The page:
MOUNT VERNON — Knox County Commissioners received word recently that a new recovery house for up to five women in need of long-term care, located on Wooster Road inside the city, is expected to open by late winter to early spring.
A description of the recovery house came from Kay Spergel, executive director of Mental Health & Recovery for Licking and Knox Counties. She was delivering her annual report on mental health and addiction-related services, which are funded in both counties by a 1-mil levy.
The recovery house, a two-story home, was formerly a residence, Spergel said. Renovations took longer than initially expected but are nearing completion. The house was purchased for $180,000 using state capital dollars. A 25 percent match from MHR was funded by paying for $60,000 in renovation costs, the work being completed by Behavioral Healthcare Partners of Central Ohio.
Spergel described the two-story home as “beautiful,” one that includes a sun porch, spacious living areas and a yard. A similar long-term recovery house for women opened about a year ago in Licking County. The recovery house will involve Level 3 housing, which means it will need to be staffed around the clock, Spergel informed commissioners. Riverside Recovery Services offers a recovery house, as well, for men and women in Mount Vernon but it is more transitional in scope. The new recovery house serving up to five women is designed to be a permanent home for those with addiction and recovery needs — an average length of stay that can be from 12 to 18 months.
“Once the renovations are complete we still cannot open it until someone has been hired to stay on premises,” said MHR public information officer Emily Morrison. “Hiring someone can be a challenge because it must be someone who is peer-support certified, which means they have lived experience and they themselves will be in recovery.”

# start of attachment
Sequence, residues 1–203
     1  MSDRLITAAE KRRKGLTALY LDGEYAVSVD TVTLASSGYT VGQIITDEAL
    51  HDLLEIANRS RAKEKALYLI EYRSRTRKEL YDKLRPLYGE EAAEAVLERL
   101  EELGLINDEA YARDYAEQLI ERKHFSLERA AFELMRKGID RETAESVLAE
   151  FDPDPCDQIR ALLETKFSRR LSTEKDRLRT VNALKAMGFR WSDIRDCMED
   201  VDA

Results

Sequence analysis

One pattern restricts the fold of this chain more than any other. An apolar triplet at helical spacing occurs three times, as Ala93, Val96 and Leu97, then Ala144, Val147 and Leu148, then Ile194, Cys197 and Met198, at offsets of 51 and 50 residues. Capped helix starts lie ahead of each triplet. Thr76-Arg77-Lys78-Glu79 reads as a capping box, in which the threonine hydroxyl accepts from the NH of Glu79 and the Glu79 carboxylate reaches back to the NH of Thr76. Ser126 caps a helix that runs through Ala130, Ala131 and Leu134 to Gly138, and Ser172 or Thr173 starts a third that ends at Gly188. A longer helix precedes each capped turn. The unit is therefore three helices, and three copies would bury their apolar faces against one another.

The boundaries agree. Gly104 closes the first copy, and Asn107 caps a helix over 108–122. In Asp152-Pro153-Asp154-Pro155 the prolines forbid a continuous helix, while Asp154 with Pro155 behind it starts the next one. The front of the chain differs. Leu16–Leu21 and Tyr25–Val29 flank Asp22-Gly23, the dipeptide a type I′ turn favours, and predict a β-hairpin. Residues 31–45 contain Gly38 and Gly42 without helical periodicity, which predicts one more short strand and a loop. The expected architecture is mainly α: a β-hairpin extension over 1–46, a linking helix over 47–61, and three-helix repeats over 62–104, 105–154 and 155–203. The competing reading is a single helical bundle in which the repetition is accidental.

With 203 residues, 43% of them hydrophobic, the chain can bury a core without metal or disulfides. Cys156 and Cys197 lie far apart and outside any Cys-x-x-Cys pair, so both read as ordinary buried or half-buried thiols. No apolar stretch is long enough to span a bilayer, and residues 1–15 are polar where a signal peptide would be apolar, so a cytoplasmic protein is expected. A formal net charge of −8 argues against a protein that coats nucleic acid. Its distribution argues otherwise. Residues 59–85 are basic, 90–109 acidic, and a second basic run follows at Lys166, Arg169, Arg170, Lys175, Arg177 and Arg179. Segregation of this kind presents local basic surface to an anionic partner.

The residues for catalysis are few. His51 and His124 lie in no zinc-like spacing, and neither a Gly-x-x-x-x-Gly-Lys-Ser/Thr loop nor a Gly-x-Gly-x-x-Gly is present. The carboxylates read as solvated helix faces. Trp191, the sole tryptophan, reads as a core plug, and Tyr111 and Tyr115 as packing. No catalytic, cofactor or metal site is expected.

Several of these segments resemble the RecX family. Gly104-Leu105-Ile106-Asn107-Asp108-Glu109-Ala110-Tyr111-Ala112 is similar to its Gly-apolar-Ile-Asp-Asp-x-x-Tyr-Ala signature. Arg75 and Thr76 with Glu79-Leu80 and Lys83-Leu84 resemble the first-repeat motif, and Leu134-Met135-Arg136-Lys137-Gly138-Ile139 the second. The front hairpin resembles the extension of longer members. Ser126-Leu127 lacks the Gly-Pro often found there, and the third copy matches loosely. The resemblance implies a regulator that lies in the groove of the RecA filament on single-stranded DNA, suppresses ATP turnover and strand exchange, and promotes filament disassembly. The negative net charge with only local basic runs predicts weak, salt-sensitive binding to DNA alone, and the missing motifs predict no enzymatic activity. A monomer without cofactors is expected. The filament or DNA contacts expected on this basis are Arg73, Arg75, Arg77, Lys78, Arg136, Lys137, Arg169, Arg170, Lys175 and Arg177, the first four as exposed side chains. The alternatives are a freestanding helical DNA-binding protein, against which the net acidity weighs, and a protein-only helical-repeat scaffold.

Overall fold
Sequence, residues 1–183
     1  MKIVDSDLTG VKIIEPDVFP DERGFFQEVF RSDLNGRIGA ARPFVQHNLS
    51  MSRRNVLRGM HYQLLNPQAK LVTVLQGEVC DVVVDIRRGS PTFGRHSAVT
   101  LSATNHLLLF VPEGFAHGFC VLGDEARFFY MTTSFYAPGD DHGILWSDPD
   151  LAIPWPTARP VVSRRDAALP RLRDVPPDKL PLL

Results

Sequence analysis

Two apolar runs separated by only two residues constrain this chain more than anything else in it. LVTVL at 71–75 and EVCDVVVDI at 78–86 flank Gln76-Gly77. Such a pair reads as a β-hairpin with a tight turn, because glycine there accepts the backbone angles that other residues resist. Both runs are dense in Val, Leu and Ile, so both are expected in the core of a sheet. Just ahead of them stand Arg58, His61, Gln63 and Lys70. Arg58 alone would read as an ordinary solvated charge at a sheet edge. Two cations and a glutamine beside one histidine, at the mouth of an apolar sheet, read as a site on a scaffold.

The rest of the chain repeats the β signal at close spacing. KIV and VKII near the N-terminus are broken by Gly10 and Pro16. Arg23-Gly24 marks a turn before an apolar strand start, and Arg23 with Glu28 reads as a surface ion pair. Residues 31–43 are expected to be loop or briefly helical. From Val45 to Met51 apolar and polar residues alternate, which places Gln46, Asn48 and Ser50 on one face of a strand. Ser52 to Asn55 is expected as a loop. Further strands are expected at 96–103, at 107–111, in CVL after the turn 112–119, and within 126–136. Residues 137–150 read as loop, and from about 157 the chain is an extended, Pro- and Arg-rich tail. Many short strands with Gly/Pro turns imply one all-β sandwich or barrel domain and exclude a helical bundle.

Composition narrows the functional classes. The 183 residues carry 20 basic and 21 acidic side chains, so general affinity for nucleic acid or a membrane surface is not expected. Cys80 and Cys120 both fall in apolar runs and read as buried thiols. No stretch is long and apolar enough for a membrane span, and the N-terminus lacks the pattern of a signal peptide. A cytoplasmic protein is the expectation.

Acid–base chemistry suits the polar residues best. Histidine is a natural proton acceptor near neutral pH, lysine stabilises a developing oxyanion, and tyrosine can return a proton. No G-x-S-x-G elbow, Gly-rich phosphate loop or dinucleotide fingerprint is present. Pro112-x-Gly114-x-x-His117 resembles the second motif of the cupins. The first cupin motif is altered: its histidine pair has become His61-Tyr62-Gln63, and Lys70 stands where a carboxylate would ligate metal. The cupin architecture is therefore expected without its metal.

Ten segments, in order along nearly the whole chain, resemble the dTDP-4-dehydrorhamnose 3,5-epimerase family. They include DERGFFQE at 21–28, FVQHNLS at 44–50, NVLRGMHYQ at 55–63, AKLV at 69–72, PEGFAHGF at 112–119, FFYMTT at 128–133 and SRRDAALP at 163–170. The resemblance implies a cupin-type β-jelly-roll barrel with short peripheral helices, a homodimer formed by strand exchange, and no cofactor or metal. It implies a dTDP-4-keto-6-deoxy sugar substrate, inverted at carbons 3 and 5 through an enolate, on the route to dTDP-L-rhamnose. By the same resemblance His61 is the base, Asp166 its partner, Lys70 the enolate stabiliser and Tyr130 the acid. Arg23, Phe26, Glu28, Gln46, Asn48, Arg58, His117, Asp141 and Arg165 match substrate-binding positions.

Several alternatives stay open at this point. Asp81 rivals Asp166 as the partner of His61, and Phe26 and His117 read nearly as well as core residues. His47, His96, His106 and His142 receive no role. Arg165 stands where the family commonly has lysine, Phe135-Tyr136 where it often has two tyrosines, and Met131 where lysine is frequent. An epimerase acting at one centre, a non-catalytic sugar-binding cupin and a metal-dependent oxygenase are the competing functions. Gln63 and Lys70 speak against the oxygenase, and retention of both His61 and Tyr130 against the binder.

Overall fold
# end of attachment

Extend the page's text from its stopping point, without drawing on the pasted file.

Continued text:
Morrison explained that the person in charge of the home will have gone through several years of successful sobriety before being hired to run the recovery house. And although the length of stay at the recovery house is expected at 12 to 18 months, “They are welcome to stay there the rest of their lives if they so choose,” Morrison said. “That typically doesn’t happen.”
Spergel also discussed MHR’s Fiscal Year 2018 receipts and expenditures related to the 1-mill levies in Knox and Licking counties, which went from July 2017 through June 2018. Knox County, with a population of about 61,000, received $1,119,623 in levy receipts, while much-larger Licking County, with about 173,000 residents, received $3,812,761. Knox County incurred a negative balance of $213,487 due to $1,333,110 in expenses, which will be balanced from the county’s MHR-related reserves, Spergel said. The deficit in Knox can be attributed to an overall increase in demand for addiction and recovery-related services, she told the News. Levy receipts from both counties are used to fund programs and services available to those in Knox and Licking, those entities including Behavioral Healthcare Partners, the Freedom Center, The Main Place Inc., New Directions, Pathways of Central Ohio and other entities.